You get the feeling O'Brien is making the most of what he's got now. We are talking in a room at the top of the stands at Naas racecourse on a Wednesday evening, O'Brien has a ride in the last and is constantly peeking over his shoulder out on the track, itching to get out there. No time for playing football, or watching anything on television, nor does he want time for those things. Riding out and racing every day suits Joseph just fine.

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But a harsh reality realised for a lot of young jockeys in Flat racing is the borrowed time in which they ply their trade. You get a taste of the action and a dream is realised, but then it's all over very quickly.

Joseph is about 5ft 10ins and still growing. Through his own concession, he struggles to do 8st-12 now, and can just about level out at 9st. Health-wise, it's no life to live and near impossible to keep up. He won't get much longer in the saddle so what he does in his short time is what his legacy as a jockey will be.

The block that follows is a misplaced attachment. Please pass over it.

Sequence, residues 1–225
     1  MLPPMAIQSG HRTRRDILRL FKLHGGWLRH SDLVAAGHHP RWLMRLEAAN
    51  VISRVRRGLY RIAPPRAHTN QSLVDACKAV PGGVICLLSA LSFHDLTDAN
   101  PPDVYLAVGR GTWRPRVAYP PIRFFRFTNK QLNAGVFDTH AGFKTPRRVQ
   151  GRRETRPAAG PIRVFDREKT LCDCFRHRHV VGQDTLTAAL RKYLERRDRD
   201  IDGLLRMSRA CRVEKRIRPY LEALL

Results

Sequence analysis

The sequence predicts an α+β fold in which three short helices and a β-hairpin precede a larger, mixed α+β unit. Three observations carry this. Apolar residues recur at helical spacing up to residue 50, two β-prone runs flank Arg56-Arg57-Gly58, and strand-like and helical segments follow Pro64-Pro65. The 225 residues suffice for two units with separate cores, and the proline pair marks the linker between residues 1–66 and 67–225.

This is only one of the reasons why his Classic success on Roderic O'Connor in the 2,000 Guineas last month was so special. It was one of the moments of an exceptional Flat season so far. The whispers from Ballydoyle had been that Roderic O'Connor had been working extremely well before the Newmarket 2,000 Guineas. Whatever went wrong there is in the past, but they knew this fellow had a massive chance in the Irish equivalent.

It would have been an automatic decision for most trainers, to give your son a chance of riding a Classic winner, but this is the business of Coolmore, where the bottom line is the only one that matters. A colt will only have few opportunities to win a Classic and thus enhance stud value, so it was a big decision to give Joseph, at 17 years of age, the responsibility of riding a leading hope in the 2,000 Guineas.